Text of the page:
In todays tranquil Anandpur Sahib, its hard to visualise the violent events of the 17th and early 18th centuries, ignited by the arrest of Guru Tegh Bahadur in 1675 by the Mughals. The gurus increasing popularity had worried the Delhi court. Upon his refusal to recant his faith, he was beheaded. Gobind Rai was only nine when his fathers severed head was brought back to Anandpur. This was perhaps the first of many events that led him to declare, as the tenth Guru of the Sikhs, When all other means have failed, it is permissible to draw the sword. Nanaks religion of peace was about to turn into a military force.
Guru Gobind Singh continued to face persecution by the Mughals, who were in cahoots with the Raja of Bilaspur, in whose territory Anandpur was located. The assault on the Sikhs continued. Finding Anandpur an easy spot to defend, Guru Gobind Singh built a stronghold of five interconnected fortresses in 1688 that dominated the landscape and withstood sieges against overwhelming odds. The remains of those fortresses are now consecrated gurudwaras.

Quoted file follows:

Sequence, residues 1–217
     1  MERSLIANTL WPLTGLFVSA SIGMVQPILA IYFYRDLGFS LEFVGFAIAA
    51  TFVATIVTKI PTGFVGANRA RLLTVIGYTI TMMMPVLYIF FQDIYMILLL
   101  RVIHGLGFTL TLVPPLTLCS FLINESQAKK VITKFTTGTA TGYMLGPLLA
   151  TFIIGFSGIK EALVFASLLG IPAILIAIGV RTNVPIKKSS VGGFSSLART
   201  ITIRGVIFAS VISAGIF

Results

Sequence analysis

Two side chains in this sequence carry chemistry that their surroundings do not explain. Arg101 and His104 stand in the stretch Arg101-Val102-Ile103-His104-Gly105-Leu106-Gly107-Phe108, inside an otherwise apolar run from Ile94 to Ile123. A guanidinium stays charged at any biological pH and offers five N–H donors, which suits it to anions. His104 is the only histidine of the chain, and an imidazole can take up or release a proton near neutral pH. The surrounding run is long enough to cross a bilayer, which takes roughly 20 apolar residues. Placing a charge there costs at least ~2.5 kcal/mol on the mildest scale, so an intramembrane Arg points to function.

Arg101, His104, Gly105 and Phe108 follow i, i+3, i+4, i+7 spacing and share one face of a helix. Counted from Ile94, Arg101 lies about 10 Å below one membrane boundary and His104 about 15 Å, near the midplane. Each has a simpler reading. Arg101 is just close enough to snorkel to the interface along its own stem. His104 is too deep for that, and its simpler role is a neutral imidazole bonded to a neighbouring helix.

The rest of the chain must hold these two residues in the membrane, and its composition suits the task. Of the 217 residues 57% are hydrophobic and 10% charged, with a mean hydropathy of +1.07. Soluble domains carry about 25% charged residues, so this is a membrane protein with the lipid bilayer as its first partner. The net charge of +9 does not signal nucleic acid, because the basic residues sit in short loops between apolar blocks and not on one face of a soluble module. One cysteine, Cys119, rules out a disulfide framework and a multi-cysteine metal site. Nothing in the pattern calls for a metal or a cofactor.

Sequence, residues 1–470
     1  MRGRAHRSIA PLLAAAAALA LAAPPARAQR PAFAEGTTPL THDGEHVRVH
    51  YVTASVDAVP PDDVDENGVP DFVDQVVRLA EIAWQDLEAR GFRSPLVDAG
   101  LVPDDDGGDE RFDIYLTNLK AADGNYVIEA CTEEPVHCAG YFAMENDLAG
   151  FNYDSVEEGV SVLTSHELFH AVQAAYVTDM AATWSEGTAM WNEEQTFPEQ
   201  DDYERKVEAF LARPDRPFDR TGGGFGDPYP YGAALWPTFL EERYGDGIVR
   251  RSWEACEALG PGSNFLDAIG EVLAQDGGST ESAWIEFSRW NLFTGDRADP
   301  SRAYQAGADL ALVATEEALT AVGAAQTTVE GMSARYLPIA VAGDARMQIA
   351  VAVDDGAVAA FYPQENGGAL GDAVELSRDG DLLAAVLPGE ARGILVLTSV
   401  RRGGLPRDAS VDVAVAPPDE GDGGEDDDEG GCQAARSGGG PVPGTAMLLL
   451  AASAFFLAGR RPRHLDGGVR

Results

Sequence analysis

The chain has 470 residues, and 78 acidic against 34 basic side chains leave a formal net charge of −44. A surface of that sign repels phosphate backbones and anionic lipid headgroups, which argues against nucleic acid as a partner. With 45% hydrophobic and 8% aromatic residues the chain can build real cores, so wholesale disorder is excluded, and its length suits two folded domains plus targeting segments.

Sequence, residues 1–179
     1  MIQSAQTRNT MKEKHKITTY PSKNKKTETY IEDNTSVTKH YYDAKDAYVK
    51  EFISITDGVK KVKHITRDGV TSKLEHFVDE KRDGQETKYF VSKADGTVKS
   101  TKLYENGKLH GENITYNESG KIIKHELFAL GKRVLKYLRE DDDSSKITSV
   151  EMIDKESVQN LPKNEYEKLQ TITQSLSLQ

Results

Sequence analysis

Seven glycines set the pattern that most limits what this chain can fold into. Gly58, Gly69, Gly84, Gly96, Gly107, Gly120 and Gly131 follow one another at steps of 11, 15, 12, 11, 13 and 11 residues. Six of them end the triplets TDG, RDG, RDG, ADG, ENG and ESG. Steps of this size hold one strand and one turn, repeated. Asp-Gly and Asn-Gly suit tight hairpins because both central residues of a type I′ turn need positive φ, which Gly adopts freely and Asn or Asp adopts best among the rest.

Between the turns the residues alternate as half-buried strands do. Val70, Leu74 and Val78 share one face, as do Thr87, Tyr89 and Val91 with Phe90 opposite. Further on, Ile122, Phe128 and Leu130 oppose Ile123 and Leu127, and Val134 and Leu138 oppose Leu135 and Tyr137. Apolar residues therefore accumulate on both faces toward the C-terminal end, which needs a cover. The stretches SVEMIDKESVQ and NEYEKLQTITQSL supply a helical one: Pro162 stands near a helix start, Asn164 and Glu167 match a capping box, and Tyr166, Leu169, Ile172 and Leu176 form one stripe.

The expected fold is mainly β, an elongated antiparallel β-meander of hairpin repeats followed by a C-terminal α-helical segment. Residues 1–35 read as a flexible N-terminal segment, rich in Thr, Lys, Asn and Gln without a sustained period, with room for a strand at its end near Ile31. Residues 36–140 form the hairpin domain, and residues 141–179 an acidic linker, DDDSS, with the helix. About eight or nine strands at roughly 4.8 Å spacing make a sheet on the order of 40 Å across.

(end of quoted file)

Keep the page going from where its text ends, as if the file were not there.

Finally, in 1705, Guru Gobind Singh was tricked by an offer of safe conduct from an alliance of hill Rajputs and Mughal faujdars into leaving Anandpur Sahib after a siege of some seven months. A running battle ensued, that has entered folklore. At a flooded ford now known as Parwar Vichhora Sahib, the guru was accidentally separated from his two youngest sons and his elderly mother. The children were betrayed and tortured to death and their grandmother died from the shock. The gurus two elder sons also died in the battle at Chamkour Sahib, fighting 20 to one. It was perhaps these multiple tragedies that led him to preempt any possibility of a struggle for succession by declaring that the Sikhs would henceforth follow the Guru Granth Sahib rather than another living guru. The history of the Punjab plays out elsewhere after that siege of Anandpur, and subsequent events revert to locales further west. But Anandpur is where the Khalsa was forged.